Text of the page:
Infuriated, Mothers Against Drunk Driving has counterattacked. MADD wants parents to question the safety of colleges participating in the Amethyst Initiative when considering their child's academic future.
Now, the Century Council, the liquor industry group dedicated to fighting drunk driving and underage drinking, is asking college students to devise a solution. It hopes to kick off a $10 million campaign "that will help combat dangerous over-consumption of alcohol by college students," as part of the American Advertising Federation's 2009 National Student Advertising Competition.
This will be the first time in its 36-year history that the AAF competition is featuring a public service advertising campaign focused on behavior change. (It's only open to AAF's college chapters.)
AAF President and CEO James Edmund Datri applauds the empowerment angle, calling binge drinking--defined as consuming five or more drinks in two hours by men and four or more in two hours for women--"a dangerous trend on our country's campuses." Some 40% of college students reported binge drinking in the past year, according to the Monitoring the Future study, funded by the National Institute on Drug Abuse, which surveys the behaviors, attitudes and values of college students and young adults. An Associated Press study of federal records from 1999 through 2005 found that 157 college-age people, 18 to 23, died from drinking themselves to death.
It's about time somebody asked the students about an issue that directly involves them. We tell them to vote when they are 18. We ship them off to war at 18. But when it comes to alcohol, we eliminate them from the discussion. We've also given the states little say in the matter. That's because states with a drinking age lower than 21 can be denied federal highway transportation funds. The Amethyst Initiative is pressuring lawmakers to consider whether the 21 drinking age is effective public policy, or whether it's driving drinking underground and fueling the binge-drinking problem.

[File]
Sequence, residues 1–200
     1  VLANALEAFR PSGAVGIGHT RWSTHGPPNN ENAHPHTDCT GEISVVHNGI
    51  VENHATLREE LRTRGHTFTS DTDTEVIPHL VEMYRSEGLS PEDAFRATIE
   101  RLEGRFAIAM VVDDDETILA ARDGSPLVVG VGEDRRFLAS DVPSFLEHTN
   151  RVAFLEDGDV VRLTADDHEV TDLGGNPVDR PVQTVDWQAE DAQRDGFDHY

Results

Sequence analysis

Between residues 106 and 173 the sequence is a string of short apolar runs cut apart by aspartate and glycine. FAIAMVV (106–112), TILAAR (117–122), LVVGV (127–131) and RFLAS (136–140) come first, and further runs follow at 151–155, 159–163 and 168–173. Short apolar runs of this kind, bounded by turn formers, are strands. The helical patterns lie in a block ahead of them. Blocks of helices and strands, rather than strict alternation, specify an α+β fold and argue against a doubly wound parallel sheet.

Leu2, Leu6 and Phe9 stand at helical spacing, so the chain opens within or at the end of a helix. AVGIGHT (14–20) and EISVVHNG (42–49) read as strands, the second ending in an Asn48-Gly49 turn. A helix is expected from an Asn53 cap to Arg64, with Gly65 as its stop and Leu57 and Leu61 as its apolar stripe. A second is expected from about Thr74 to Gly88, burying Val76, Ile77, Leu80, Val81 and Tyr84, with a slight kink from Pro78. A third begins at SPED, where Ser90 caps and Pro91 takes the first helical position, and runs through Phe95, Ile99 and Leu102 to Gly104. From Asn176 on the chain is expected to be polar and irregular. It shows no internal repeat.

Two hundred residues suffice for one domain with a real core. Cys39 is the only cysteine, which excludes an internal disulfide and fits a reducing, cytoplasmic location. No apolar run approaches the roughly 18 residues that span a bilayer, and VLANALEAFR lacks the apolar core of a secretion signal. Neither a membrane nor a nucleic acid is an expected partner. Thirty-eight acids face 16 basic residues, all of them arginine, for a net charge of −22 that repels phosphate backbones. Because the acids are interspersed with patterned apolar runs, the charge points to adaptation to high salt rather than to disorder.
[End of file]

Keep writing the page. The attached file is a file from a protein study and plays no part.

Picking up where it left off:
Here's why some of the college presidents signed onto Amethyst Initiative. (The name is taken from ancient Greece, where the gemstone was believed to ward off drunkenness.) "My 35 years in higher education and my 30+ years as a parent to three sons convinced me that the 21-year-old drinking age is hypocritical, ineffective, guilt-inducing and counterproductive," says Donald R. Eastman III, president of Eckerd College in St. Petersburg, Florida. "It is a form of mini-prohibition and needs to be replaced with education and a focus on the value of moderation, not intolerance."
When it comes to young adults, prohibition and intolerance are words that strike fear in the heart of any savvy cause marketer. People who understand how to change behavior know that the forbidden fruit approach for teens is a dead end.
Remember Nancy Reagan's "Just Say No" campaign? That didn't work, Richard Earle points out in his book "The Art of Cause Marketing: How to Use Advertising to Change Personal Behavior and Public Policy," because telling teenagers in treatment for drug abuse to just say no is ridiculous. Asking teens who have already experimented with drugs to just say no is equally foolish. Earle's conclusion: The anti-behavior approach doesn't work.
Cynics would say that the Century Council, supported by money from liquor giants such as Bacardi, Brown-Forman and Diageo, is only interested in boosting industry profits; lowering the drinking age would hasten that end. That reasoning is shortsighted. The campaign's goal isn't to encourage consumption, but to ask students how we can solve a serious problem that impacts them.
"The behavior is taking place, and the best thing we can do is reduce the harm," says Ralph Blackman, the Century Council's president. Blackman says having the target audience--college students--work on a campaign is what makes the AAF student competition so attractive. He wants to see what they can create--particularly using tactics such as guerrilla marketing and social networks.
Having a national debate about the drinking age is part of a viable democratic process. Asking college students to research the causes behind binge drinking, then develop a campaign to combat the behavior, should enhance the project's credibility.
In the last two years, the AAF's student competition featured Coca-Cola and AOL as clients. Let's hope we see more socially responsible efforts in the competition's future. It underscores a valuable industry goal: Advertising does more than just push products and services. It's key to changing behavior. Thanks to public service advertising, most of us wear seat belts when driving.
Wendy Melillo is a contributing writer to MediaPost and an assistant professor in the School of Communication at American University.